Names such as Vaddha Thera and Malitavamba Thera of Bharuch occur in Theragatha. Thus, the link between the Buddha and Gujarat is as old as the Buddha himself, Modi avers.

Trade and commerce had also played a role in bringing Buddhism to Western India. Gujarat (in Western India), particularly Bharukaccha (modern day Bharoch), the ancient international port, is frequently mentioned in the oldest Buddhist literature. This is because traders from the then known Buddhist centres such as Benaras (Varanasi) and Vaishali, brought Buddhism to Gujarat along with their merchandise.

Dr. Raj Somadeva of the Archaeology Department of Kelaniya University in Sri Lanka, corroborated this when he said that Sri Lankan ships used to go regularly to Bharukaccha. And so intense was the traffic, that there was a whole community of Sri Lankan sailors called Bharukachcha Navikawa.


It was in 2009, that excavations by the Gujarat Department of Archaeology revealed the existence of a Buddhist monastery in Modi’s hometown Vadnagar, although a statue of the Buddha in the sitting posture, dating back to the second or third century AD, had been accidentally discovered in a farm near Vadnagar in the late 1980s.

According to India Today, 24 seals had been discovered at the monastery site till 2012, exciting the curiosity of renowned archaeologists like Robin Cunningham of the University of Durham, and Mark Kanyor of Wisconsin University.

“Stupas at the site reveal three different stages of an evolving Buddhist architecture, from cylindrical and circular shapes to square and molded plinths,” the magazine said. Two more monasteries have since been discovered.

“The new revelations in Vadnagar prove that Gujarat was an important Buddhist centre. Both the stupas and the monasteries correspond to three periods of Buddhist development, spread from the first to the seventh century AD,” the magazine quoted Y.S. Rawat, Head of the Gujarat Government Department of Archaeology, as saying.

According to Modi, while Buddhism was accepted both by the common folk and the upper castes in Gujarat, its main patrons were the merchants who donated vast amounts of money for Buddhist activities. Prosperous merchants supported Buddhist intellectual giants like Dharmagupta, Shrimathi and Gunamathi, he said.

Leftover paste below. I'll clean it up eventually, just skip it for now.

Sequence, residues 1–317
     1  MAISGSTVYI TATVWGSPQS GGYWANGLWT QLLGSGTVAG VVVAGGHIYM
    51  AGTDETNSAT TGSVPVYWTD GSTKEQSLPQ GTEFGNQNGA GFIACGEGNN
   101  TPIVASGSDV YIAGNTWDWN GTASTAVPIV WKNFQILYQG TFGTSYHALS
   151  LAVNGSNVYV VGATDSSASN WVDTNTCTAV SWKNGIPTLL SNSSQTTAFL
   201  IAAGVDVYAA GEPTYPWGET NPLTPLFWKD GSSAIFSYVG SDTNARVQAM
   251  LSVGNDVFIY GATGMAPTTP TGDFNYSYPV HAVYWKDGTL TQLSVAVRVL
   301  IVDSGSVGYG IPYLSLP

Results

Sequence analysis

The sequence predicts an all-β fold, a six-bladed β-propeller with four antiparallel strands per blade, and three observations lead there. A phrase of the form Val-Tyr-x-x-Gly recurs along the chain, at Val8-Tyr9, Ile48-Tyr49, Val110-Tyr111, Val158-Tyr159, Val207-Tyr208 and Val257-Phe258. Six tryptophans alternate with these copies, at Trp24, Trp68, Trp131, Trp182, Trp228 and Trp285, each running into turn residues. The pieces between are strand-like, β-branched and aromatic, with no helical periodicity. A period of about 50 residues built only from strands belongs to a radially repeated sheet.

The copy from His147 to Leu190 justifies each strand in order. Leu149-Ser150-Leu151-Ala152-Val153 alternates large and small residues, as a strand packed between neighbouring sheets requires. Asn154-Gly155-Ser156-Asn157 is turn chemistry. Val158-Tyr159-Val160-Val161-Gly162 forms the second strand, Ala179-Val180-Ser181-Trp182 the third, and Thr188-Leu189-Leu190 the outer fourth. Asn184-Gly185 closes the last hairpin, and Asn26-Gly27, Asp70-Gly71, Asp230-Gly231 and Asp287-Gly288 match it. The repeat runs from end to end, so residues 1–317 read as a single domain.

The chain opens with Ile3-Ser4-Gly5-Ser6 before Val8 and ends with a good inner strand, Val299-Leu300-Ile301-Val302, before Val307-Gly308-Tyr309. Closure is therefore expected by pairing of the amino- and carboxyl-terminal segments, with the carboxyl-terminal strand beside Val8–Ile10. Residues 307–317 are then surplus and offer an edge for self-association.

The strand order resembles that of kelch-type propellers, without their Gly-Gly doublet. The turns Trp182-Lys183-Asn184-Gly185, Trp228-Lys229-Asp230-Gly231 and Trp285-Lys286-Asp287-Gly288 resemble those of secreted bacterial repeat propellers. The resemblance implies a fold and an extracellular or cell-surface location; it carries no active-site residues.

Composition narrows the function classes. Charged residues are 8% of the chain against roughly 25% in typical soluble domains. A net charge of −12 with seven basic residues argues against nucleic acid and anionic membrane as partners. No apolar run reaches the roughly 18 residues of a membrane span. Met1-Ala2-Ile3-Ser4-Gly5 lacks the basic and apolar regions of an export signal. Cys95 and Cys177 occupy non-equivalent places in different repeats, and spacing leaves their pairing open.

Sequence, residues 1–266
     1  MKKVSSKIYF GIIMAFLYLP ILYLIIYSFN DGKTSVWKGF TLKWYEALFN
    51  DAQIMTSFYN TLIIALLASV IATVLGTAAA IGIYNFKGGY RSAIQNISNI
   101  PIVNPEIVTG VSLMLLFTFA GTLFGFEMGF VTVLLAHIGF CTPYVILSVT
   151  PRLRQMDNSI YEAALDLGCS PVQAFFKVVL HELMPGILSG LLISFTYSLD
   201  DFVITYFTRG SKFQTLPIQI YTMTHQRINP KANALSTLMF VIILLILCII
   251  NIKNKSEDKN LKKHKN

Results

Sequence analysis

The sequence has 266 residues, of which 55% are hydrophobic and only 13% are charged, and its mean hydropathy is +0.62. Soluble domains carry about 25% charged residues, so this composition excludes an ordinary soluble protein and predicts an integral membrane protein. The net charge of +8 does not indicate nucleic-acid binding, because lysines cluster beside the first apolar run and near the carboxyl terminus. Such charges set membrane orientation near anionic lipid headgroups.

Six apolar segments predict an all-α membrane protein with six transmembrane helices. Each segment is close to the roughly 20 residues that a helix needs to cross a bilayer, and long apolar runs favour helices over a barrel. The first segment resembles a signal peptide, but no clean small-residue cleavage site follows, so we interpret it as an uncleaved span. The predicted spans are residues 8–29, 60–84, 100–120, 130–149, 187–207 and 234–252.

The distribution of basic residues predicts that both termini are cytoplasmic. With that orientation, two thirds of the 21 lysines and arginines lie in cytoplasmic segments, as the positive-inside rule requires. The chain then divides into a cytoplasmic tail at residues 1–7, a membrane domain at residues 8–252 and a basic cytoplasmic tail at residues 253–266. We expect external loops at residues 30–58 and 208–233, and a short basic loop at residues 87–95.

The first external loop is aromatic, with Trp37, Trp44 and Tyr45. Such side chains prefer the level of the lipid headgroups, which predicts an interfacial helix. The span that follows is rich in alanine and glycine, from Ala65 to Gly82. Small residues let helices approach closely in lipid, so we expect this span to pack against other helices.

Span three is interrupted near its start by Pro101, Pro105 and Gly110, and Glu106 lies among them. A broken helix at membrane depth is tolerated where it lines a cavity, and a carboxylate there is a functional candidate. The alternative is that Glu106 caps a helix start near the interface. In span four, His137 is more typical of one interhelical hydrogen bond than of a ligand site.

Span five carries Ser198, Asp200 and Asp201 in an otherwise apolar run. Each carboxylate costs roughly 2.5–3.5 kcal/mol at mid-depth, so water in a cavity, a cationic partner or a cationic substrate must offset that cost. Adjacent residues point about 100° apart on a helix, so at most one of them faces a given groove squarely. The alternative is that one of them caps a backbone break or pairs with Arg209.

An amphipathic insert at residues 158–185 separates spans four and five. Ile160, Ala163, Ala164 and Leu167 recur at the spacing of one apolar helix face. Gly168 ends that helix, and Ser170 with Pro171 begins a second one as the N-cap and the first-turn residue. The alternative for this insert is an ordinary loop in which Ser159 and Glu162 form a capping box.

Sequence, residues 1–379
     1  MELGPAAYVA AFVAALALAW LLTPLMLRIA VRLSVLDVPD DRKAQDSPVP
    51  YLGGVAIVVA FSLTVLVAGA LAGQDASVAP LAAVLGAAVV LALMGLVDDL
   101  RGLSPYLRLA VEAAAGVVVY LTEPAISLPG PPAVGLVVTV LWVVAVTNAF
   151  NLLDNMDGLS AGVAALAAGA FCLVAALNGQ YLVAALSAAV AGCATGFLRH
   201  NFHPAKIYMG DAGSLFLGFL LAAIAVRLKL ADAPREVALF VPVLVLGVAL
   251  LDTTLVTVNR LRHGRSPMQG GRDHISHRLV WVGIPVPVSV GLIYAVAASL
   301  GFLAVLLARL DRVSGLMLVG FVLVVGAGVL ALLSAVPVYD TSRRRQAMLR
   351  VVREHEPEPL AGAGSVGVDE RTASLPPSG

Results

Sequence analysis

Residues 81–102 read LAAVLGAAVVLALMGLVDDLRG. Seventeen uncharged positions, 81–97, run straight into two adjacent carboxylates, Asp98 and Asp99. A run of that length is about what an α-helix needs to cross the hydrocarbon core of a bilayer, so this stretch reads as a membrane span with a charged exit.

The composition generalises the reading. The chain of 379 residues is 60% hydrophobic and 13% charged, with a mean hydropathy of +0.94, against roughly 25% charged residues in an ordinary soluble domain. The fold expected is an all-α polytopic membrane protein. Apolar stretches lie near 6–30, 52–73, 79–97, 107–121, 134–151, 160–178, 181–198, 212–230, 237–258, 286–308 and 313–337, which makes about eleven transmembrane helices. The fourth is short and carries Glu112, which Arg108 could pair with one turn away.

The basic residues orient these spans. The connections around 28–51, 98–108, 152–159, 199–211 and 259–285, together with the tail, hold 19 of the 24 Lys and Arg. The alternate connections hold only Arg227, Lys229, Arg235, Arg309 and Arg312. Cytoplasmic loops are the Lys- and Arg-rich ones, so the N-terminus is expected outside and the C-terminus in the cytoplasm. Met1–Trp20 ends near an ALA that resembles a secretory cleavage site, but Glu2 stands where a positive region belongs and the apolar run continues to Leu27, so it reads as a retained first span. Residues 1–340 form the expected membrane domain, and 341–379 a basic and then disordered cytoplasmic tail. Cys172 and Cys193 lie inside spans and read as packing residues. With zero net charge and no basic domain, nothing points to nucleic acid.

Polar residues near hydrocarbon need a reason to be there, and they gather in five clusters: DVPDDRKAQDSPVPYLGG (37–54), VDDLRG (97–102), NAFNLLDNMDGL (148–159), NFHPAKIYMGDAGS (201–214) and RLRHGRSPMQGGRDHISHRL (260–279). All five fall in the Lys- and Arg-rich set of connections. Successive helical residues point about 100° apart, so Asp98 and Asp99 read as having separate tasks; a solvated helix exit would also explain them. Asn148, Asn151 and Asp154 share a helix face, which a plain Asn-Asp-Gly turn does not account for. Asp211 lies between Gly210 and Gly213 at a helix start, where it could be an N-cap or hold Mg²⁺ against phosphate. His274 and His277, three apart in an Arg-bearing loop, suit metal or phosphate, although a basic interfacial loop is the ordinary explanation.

Asoka’s role

Buddhism took firm roots in Gujarat at the time of Emperor Asoka, Modi points out.

Chinese priest cum traveller Hiuen Tsang

“The Asokan rock edict in Jungadh bears witness to the spread of Buddhism in Gujarat during Asoka’s time. Researchers should find out if the Lion Pillar with four lions put up by Asoka at Sarnath was inspired by Gujarat as Gujarat is the only place where lions exist in the Asian region,” Modi said. The Lion Pillar is the official symbol of India since 1950.

The Greeks, Partho-Scythians, Satvahanas, the Bodhi dynasty, Ksatrapas and the Saka rulers supported Buddhism. During their rule, several rock-cut monuments appeared in Gujarat. During the time of the Maitraka kings there were more than 13,000 monks in Gujarat. The Vallabhi Buddhist University in Vallabhipur in Gujarat was one of the principal seats of learning those days, Modi recalls with pride.

“Gujarat is also the land of Shantideva, who gave the marvellous Bodhcaryavatara - one of the landmark texts in Buddhism in Sanskrit - which is known to us as ‘the way of the Bodhisattva’. Hundreds of commentaries have been written on his text, but the infinite wisdom in his words remains to be explored in full,” he points out.

On pilgrim’s route

Modi is keen on making Gujarat part of the world Buddhist pilgrimage circuit.

“So far, the Buddhist aspect of Gujarat has not been given due attention. I feel that the time has come to make it known to millions of Buddhists, scholars and lovers of Buddhism all over the globe,” he suggests. The Buddhist circuit in India till date, has included only Bodh Gaya and Sarnath. Sanchi is recognised by some. But all these places are outside Gujarat.